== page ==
“Israel expects the ICC and its prosecutor not to yield to Palestinian pressure and stand firm against continued Palestinian efforts to politicize the court and to derail it from its mandate,” the Israeli statement said.

Israel is not a member of the ICC, but its citizens can be charged by the court if they are suspected of committing crimes on the territory or against a national of a country that is a member. The ICC has recognized “Palestine” as a member state.

While the ICC can indict suspects, it has no police force and has to rely on cooperation from member states to enforce arrest warrants.

The Palestinians appear to have an especially strong case in the matter of settlements. In 2004, the United Nations' highest judicial organ, the International Court of Justice, ruled in an advisory opinion that the settlements breached international law.

In late 2016, the UN Security Council also declared the settlements to be illegal.

Over 600,000 Israelis now live in the West Bank and east Jerusalem — territories sought by the Palestinians as parts of their future state. Israel captured both territories from Jordan in the 1967 Mideast war.

Under international law it is illegal to transfer populations out of or into occupied territory.

Israel claims east Jerusalem as an inseparable part of its capital — though its annexation is not international recognized.

Israel claims the West Bank is not occupied because it was captured from Jordan, not the Palestinians, and Jordan does not make a claim to the territory.

Since the Palestinians never ruled the West Bank, Israel says this territory is disputed and its final status should be resolved in negotiations. It also claims that settlements can be torn down and therefore do not prejudice the final status of the territory. It notes that in the case of Gaza, for instance, it uprooted all settlements there when it withdrew in 2005. Israel also captured Gaza in the 1967 war.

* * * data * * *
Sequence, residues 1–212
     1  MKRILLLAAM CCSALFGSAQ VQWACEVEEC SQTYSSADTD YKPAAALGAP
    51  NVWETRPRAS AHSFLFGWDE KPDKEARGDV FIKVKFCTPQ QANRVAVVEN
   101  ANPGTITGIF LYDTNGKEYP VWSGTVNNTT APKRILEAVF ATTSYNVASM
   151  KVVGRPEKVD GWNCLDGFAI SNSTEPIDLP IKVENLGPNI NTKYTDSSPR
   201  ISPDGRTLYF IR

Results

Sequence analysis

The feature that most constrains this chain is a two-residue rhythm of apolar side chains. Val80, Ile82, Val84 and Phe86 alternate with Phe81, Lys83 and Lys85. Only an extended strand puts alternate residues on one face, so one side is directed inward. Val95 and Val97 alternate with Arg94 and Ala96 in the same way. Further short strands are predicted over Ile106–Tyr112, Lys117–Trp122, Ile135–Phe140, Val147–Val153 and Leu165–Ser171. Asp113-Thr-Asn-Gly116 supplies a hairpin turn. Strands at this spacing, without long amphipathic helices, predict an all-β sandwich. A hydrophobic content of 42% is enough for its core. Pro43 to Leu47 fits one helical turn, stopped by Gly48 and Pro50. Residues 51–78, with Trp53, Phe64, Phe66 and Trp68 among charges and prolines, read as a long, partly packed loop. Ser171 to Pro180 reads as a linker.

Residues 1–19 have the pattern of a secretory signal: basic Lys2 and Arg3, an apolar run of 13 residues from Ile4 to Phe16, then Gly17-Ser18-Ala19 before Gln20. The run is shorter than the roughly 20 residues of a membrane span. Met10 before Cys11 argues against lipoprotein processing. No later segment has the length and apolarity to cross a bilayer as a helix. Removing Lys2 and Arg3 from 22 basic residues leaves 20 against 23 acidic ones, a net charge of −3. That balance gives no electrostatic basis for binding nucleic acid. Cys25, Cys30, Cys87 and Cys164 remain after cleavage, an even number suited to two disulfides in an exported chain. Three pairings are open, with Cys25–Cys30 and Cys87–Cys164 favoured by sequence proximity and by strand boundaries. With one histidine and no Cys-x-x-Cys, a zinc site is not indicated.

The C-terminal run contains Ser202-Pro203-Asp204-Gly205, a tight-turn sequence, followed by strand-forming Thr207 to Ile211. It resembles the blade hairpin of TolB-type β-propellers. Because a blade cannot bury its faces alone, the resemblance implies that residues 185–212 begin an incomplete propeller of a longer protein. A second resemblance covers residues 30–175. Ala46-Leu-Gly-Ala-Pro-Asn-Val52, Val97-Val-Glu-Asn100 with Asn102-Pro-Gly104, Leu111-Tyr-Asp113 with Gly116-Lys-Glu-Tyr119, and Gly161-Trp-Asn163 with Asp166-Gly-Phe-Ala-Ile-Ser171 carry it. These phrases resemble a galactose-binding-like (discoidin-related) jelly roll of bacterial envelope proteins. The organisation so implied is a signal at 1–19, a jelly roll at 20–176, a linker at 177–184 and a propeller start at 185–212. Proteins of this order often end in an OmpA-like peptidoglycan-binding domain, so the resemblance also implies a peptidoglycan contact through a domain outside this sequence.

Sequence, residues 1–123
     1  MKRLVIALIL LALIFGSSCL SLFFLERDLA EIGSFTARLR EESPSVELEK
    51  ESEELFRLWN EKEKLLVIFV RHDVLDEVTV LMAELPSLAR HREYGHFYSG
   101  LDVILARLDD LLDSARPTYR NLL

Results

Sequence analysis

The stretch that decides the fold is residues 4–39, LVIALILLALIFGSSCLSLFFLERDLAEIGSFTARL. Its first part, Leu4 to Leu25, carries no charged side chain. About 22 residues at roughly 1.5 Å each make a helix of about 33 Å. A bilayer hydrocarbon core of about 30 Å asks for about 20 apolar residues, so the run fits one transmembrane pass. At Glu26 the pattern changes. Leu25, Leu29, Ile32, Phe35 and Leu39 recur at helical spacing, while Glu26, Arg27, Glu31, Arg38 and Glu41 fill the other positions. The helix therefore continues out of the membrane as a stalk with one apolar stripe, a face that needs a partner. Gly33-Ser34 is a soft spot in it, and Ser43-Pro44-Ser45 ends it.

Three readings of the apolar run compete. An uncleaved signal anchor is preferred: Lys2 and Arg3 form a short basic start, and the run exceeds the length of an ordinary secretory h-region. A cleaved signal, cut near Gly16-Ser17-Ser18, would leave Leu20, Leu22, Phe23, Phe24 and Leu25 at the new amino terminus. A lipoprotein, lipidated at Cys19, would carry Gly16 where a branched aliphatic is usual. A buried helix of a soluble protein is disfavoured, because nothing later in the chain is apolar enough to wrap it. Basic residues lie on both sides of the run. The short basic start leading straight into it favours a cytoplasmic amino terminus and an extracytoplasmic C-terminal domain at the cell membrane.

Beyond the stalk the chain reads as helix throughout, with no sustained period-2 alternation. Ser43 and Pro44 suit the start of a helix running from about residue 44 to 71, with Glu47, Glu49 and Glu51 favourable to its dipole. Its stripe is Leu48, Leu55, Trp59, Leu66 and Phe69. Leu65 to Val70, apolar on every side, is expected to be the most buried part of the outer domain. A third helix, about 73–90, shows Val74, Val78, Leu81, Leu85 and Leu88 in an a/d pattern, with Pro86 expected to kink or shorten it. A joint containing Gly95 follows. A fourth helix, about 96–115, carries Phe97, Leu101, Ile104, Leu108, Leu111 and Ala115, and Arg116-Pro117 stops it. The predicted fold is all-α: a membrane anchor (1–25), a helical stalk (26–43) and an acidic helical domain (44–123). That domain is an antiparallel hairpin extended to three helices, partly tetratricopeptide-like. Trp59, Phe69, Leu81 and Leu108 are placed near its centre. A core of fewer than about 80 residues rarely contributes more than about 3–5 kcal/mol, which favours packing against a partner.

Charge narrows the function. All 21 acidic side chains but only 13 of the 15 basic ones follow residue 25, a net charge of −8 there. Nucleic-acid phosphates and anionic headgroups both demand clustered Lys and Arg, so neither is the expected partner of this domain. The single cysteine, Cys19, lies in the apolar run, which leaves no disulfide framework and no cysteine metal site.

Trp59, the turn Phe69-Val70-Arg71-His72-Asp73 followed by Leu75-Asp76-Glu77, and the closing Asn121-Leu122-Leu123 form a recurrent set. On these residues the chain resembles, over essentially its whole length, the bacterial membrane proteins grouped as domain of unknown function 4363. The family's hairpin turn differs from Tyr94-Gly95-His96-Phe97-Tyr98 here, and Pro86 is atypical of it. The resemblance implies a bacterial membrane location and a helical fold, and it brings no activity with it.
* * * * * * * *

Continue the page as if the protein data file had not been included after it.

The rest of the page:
While the Gaza withdrawal removed some 8,000 settlers, the much larger population in the West Bank and east Jerusalem would be extremely difficult, if not impossible, to move.


US considering troop boost to counter Iran

Updated 50 min 36 sec ago

US considering troop boost to counter Iran

  • A source has said Defense Secretary Mark Esper was considering plans to move between 5,000 and 7,000 troops to the Middle East
  • Tensions have risen sharply with Iran since Trump last year pulled out of a denuclearization pact and imposed sweeping sanctions

WASHINGTON: The United States said Thursday it was considering deploying fresh forces to counter Iran, with an official saying some 5,000 to 7,000 troops could head to the region.